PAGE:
As a writer, a failure is just information. It’s something that I’ve done wrong in writing, or is inaccurate or unclear. I recognize failure—which is important; some people don’t—and fix it, because it is data, it is information, knowledge of what does not work. That’s rewriting and editing… It’s as though you’re in a laboratory and you’re working on an experiment with chemicals or with rats, and it doesn’t work. It doesn’t mix. You don’t throw up your hands and run out of the lab. What you do is you identify the procedure and what went wrong and then correct it. If you think of [writing] simply as information, you can get closer to success.

Toni Morrison, Write, Erase, Do Over in The Art of Failure: The importance of risk and experimentation

We are all scientists

The scientific method, Kari Byron says, is more than just an elegant method for figuring out all sorts of things. It’s the ‘perfect narrative vehicle for proving and disproving myths’. Including our own life lies.

Here are the five steps:

  1. Question. Learning begins with ‘I wonder what would happen if…?’ Authors and actors will notice that this is suspiciously similar to how many writing and improv prompts.
  2. Hypothesize. Formulate a theory about what will happen based on what you already know.
  3. Experiment. Find out what really happens.
  4. Analyze. Study what occurred.
  5. Conclude. Answer your question, and think of how you might do things differently in the future.

The science of inspiration

So how do we apply the scientific method to creative problem solving?

Consider something as elusive as ‘inspiration’. How could science possibly help us figure out where our ideas come from – and how to get more of them?

Byron asked herself this question, and developed the hypothesis that for great ideas, ‘you have to be able to concentrate, alone, in a quiet room, with no distractions.’

And then, she tested it: comparing how inspired she felt and how productive she was in a variety of settings. In her own apartment, set up exactly as she wanted. In a busy cafe. With a roommate who was in a band. And in the hustle and bustle of India, versus in a quiet ashram.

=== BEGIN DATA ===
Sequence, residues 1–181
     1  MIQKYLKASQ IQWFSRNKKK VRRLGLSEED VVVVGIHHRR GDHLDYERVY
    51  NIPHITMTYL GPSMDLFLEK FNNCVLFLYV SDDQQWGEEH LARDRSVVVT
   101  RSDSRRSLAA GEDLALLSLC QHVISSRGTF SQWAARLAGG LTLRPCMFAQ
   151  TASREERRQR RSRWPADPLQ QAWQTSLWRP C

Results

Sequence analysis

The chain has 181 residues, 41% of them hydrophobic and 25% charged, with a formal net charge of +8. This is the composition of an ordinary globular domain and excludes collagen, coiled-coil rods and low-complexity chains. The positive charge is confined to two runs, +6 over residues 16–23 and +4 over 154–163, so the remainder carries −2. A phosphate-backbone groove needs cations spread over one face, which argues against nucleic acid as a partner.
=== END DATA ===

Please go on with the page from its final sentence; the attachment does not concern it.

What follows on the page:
What did she find?

Byron concluded that ‘When you have no choice, you rise to the creative occasion.’

All too often, we have a picture in our head of what creativity is supposed to look like. We tell ourselves we ‘can’t’ be creative or inspired unless we have the ‘perfect’ conditions. We might, for instance, tell ourselves the life lie that without Byron’s ability to seek ‘enlightenment’ in India, we are unable to create.

But while she was in India, taking in the exotic sights, sounds, and smells, Byron learned that she could be creative anywhere. Nor did she need to follow any specific rituals.

Like many of us, Byron believed that in order to be ‘enlightened’, she needed to learn how to meditate. She believed that she needed the sweet Indian coffee served in the tiny cups she drank on the way to yoga each day.

Yet, after observing her, Byron’s yoga teacher Rama Krishna, told her she did not need to learn meditation: ‘you are always painting. You are an artist. That is your meditation,’ he said. ‘You will never be able to be quiet. You must paint.’

And what about the mystical coffee Byron loved so much?

One day, she arrived at the cafe early and saw it being made.

Her ‘morning enlightenment in a cup’ was Nescafe and condensed milk.

In hindsight, Byron says her quest for enlightenment feels ridiculous. ‘Now I know that you get “answers” (practical or mystical) by asking questions and experimenting.’ The creative journey, she concludes, is always inward.

Of course, you don’t need to travel to experiment with creativity and inspiration. You can perform an experiment just as successfully by keeping a journal in which you write down how you felt when you wrote, played, painted, or sketched in various conditions. Make a note of the time of day, place, your general mood, and any other relevant factors, and look for patterns.

Novelists who take part in the annual National Novel Writing Month may have already taken part in such an experiment, tracking their mood, writing method, location, and word count on the website.

If you put your mind to it, you’ll find lots of ways you can improve your life using a little creative science.

Everybody’s a mad scientist, and life is their lab. We’re all trying to find a way to live, to solve problems, to fend off madness and chaos.

David Cronenberg


Brainstorm some questions that relate to your life. This could be a question about your creative life, like where your ideas come from, or whether it is possible to be creative on demand, as Byron explores in her book. It could be about your finances – in her chapter on money, Byron asks ‘What role should money play in life and love?’

Next, develop a hypothesis. For example, Byron puts forward the hypothesis that money = security and stability. (Or maybe, for you, money = freedom) {LINK}

Design an experiment to test that hypothesis. Byron put together a ‘Starving Artist Financial Plan’, seeking advice and becoming the ‘CFO’ of her family.

Analyze your results, and come to a conclusion. Kari Byron found that while money is necessary to keep you fed (important to avoid being a starving artist!) money can’t buy happiness.

There really is no such thing as a ‘failed experiment’. Any test that yields valid data is a valid test.

Adam Savage